Shana Byrd, Director of Land Conservation
As the seasons change, so does the scenery across the landscape. This is especially true of The Arboretum, which is continually enhanced and cared for to conserve nature and add enjoyment for our visitors. Over the years the Arboretum has grown and now encompasses nearly 2,000 acres of plant collections, gardens, forests, meadows and wetlands. This living museum highlights trees and the habitats they are a part of. Taken together, these views are meant to inspire an appreciation for the beauty and value of our natural world. Improving landscapes often means removing undesirable weeds that inevitably take root and replacing them with more valuable native planting and specimen collections showcasing the beauty and function of plants. This is particularly important as the Arboretum expands. Last year, an adjacent working landscape formerly known as the Swartz farm, became a part of the Arboretum. As part of this process, an enhancement plan was initiated, to incorporate these lands into the larger vision of plant collections and species conservation.
On a sunny afternoon this past December, staff began the process of removing the old fence line that formerly separated the properties. Located on the southern loop of the auto tour, this field hugs the noble row of Kentucky coffee trees. What was once a visual barrier, harboring woody weeds, is now becoming an open view of the farm field and rolling hills in the backdrop. This parcel is now a feature of various approaches to more sustainable agriculture. The field was planted with a conservation cover of prairie along its border, serving as a nectar resource for insects pollinating the growing crops and helping to hold soil in place. The waterways have been seeded with a diverse mix of native flowers and grasses with special adaptations to soak up excess rainwater. Farmers who partner with the Arboretum have committed to using soil and water conservation techniques such as these, in a joint effort to take care of our natural resources. Including the new property and removing the old fence barriers is symbolic of the Arboretum’s goal to bring people closer to the land and our dependence on the living landscape. Visitors driving along the auto tour can now expect to see newly opened vistas and in the future, expanded collections of plants, walking paths and even improved road access to the new property.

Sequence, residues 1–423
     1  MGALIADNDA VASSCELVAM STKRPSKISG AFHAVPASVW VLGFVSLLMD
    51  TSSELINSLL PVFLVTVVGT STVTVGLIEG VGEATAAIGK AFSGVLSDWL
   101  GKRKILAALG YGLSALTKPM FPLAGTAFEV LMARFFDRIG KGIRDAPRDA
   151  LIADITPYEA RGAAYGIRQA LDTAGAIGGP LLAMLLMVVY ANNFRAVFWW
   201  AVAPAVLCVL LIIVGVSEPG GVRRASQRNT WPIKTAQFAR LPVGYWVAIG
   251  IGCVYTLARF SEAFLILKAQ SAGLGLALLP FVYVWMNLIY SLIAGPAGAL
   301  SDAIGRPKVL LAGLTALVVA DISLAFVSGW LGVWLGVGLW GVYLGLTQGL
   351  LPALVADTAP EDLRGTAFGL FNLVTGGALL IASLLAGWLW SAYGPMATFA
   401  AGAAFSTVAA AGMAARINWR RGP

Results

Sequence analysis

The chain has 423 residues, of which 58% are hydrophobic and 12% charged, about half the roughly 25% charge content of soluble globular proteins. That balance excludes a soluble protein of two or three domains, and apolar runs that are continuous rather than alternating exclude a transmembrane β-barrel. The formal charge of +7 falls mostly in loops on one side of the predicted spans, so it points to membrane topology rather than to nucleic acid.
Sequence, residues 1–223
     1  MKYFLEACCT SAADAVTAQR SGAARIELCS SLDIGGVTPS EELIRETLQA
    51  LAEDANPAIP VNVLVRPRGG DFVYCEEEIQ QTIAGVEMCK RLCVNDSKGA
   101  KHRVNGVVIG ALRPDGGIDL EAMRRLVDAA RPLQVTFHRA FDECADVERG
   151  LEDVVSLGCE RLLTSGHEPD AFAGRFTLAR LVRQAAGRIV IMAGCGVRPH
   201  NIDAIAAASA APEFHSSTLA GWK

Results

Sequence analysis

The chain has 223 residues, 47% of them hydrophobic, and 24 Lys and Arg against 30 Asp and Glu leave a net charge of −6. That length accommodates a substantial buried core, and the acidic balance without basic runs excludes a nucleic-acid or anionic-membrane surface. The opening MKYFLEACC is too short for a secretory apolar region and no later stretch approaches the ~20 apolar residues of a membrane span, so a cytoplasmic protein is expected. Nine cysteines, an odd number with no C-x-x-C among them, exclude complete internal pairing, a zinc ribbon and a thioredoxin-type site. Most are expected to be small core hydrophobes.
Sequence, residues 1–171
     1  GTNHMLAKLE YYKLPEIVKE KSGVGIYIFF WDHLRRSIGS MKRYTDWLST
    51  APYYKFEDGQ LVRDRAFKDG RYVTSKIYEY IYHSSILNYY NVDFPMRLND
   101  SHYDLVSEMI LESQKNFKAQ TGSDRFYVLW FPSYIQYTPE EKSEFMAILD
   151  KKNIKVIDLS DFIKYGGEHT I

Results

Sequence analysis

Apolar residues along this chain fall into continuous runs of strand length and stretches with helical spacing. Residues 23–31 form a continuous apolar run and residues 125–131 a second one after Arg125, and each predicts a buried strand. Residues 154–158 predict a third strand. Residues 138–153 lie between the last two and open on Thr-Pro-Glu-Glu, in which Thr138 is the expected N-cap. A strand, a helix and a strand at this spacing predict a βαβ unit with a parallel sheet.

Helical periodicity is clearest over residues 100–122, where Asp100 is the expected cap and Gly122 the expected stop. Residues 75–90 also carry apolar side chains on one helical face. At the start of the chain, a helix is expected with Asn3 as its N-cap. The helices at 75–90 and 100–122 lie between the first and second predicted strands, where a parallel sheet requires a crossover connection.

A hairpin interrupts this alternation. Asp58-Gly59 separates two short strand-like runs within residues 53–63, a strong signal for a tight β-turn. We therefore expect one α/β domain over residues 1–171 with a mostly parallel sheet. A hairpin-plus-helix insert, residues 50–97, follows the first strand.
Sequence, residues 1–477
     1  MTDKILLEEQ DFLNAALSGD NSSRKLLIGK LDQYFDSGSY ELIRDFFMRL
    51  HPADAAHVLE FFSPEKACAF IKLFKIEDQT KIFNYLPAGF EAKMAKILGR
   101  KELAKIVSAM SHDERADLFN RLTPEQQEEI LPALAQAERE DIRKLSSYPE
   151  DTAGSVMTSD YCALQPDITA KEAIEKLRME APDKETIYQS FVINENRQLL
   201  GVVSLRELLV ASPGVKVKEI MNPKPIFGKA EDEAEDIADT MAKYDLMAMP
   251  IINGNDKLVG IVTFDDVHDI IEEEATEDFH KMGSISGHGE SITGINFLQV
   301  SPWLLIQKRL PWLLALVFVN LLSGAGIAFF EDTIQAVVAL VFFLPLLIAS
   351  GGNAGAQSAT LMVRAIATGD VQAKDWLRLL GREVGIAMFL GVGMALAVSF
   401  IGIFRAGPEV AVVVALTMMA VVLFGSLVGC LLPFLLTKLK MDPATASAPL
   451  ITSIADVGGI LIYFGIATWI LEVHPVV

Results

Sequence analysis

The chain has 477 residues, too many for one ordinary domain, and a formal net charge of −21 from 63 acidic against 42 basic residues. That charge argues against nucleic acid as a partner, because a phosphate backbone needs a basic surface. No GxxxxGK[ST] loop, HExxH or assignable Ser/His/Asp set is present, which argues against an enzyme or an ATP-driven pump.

Along with the New Year, come new possibilities and visions for the potential our natural landscapes hold. As we continue to be stewards of this land, we are inspired by the passion of our supporters to help us achieve our mission of growing the appreciation for trees, our history and the world around us. During your next visit…who knows what new and exciting enhancements you’ll see next…!